Oil and oil products are a part of our daily lives. Modern American society could not function without the benefits derived from the extraction and refinement of oil. How much do we really know about this critical resource?
1. How much petroleum does the world consume?
Worldwide consumption of petroleum was 89.2 million barrels per day in 2012. The three largest consuming countries were:
• United States (18.6 million barrels per day)
• China (10.2 million barrels per day)
• Japan (4.7 million barrels per day)
Data from: EIA: International Energy Statistics
2. What's in a barrel?
We use oil for more than just powering our cars and heating our homes. Once the crude oil comes out of the ground, it is sent to a refinery and turned into an amazing variety of products. An average 42-gallon barrel of oil can only produce about 19 gallons of gasoline. The other 23 gallons yield other fuels, plastics, and byproducts from the refining process.
3. Where does the U.S. get its oil?
The United States has 40% of its oil demand filled by domestic product. The remainder is imported, predominantly from Latin America (Mexico and Venezuela), Canada, the Persian Gulf (Saudi Arabia), and Africa (Nigeria). Oil reserves are defined as hydrocarbon resources that could be accessible in the near future. Within the United States (as of 2011), Texas had the largest oil reserves, followed by federal offshore locations including the Gulf of Mexico and Alaska. Not surprisingly, considering its large reserves, the highest domestic production of oil in 2012 came from Texas. Oil produced from oil fields in Texas and the Gulf of Mexico accounted for about 50% of US production, while Alaska contributed 10%. For a number of years, Alaska was the second-highest producing state, with California always a close third. In 2012, however, North Dakota increased their oil production by almost 60% and is currently the second-highest producing state.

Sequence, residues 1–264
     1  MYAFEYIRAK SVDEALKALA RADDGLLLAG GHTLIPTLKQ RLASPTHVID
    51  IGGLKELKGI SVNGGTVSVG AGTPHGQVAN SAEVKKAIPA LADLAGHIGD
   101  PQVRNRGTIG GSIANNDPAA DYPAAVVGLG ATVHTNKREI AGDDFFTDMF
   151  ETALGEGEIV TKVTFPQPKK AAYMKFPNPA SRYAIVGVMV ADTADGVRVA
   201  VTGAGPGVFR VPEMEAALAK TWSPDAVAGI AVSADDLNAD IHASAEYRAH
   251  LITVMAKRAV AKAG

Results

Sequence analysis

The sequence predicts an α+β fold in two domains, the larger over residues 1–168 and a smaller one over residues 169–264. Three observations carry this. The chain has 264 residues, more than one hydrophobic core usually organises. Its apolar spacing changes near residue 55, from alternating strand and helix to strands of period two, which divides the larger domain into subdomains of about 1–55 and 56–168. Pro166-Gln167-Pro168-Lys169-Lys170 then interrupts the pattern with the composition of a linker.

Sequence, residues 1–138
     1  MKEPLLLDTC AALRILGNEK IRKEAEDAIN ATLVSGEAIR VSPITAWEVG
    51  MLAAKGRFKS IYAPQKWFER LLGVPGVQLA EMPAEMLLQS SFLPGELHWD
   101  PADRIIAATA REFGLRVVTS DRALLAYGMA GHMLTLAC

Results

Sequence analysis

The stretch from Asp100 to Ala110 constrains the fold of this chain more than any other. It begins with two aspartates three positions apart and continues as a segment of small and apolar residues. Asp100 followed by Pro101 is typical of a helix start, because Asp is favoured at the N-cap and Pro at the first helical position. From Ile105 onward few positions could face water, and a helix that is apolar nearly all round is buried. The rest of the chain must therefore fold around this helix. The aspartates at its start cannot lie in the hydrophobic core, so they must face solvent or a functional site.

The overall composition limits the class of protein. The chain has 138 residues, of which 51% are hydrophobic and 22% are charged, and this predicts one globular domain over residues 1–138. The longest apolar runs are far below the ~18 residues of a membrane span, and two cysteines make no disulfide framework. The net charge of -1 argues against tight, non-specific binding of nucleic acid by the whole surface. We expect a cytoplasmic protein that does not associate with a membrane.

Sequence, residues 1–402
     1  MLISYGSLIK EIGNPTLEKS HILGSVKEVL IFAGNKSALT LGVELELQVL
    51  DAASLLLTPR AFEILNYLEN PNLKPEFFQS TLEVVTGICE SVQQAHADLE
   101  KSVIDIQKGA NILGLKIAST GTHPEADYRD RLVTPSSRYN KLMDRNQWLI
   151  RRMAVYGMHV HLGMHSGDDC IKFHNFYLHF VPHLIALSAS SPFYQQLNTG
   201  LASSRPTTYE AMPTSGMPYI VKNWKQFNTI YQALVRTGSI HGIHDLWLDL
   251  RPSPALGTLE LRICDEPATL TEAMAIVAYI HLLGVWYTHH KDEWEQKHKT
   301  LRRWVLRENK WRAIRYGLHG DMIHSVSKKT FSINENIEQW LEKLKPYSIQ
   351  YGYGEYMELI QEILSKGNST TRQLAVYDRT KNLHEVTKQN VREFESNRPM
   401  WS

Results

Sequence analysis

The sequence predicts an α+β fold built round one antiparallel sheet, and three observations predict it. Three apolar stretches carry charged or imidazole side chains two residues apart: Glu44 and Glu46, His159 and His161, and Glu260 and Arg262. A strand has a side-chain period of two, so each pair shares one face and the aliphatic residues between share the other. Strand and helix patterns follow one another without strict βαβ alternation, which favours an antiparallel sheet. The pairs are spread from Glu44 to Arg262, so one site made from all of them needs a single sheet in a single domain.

PHOTO CREDIT: Info graphic designed by Brendan Daly. For a larger file of this image, look to the resource, "From One Barrel of Oil Infographic."
The United States produces and consumes a large volume of oil in a year, and not only for transportation. This oil is refined to make gasoline, as well as a great variety of other products that we use on a daily basis.
From One Barrel of Oil Infographic
What types of products is crude oil turned into? Look at this infographic to see what comes from one barrel (42 gallons) of oil. The information comes from EIA. Learn more from their site by clicking here.
Milk vs. Oil Usage Infographic
Try to imagine how much oil we use in a day, month or year. These numbers may be hard to visualize because oil factors into so many products we use and it is an important part of our standard transportation. Since oil and milk are both often measured in gallons, get a visual comparison of how much milk versus oil is consumed by an individual in a typical month. The statistics for this infographic come from the EIA and USDA Economoc Research Service.